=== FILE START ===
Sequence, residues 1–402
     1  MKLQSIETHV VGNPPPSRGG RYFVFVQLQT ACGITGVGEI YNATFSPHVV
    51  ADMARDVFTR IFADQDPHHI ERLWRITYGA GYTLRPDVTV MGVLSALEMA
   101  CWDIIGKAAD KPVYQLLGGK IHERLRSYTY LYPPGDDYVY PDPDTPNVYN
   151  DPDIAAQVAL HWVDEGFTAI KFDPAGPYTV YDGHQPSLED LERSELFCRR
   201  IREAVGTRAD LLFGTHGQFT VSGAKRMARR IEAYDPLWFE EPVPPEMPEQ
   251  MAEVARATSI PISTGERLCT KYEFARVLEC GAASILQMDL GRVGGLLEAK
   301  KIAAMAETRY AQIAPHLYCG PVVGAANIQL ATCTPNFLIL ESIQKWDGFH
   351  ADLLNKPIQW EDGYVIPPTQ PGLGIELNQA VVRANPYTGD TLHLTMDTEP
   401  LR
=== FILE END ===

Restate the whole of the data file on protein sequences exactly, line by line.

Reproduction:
Sequence, residues 1–402
     1  MKLQSIETHV VGNPPPSRGG RYFVFVQLQT ACGITGVGEI YNATFSPHVV
    51  ADMARDVFTR IFADQDPHHI ERLWRITYGA GYTLRPDVTV MGVLSALEMA
   101  CWDIIGKAAD KPVYQLLGGK IHERLRSYTY LYPPGDDYVY PDPDTPNVYN
   151  DPDIAAQVAL HWVDEGFTAI KFDPAGPYTV YDGHQPSLED LERSELFCRR
   201  IREAVGTRAD LLFGTHGQFT VSGAKRMARR IEAYDPLWFE EPVPPEMPEQ
   251  MAEVARATSI PISTGERLCT KYEFARVLEC GAASILQMDL GRVGGLLEAK
   301  KIAAMAETRY AQIAPHLYCG PVVGAANIQL ATCTPNFLIL ESIQKWDGFH
   351  ADLLNKPIQW EDGYVIPPTQ PGLGIELNQA VVRANPYTGD TLHLTMDTEP
   401  LR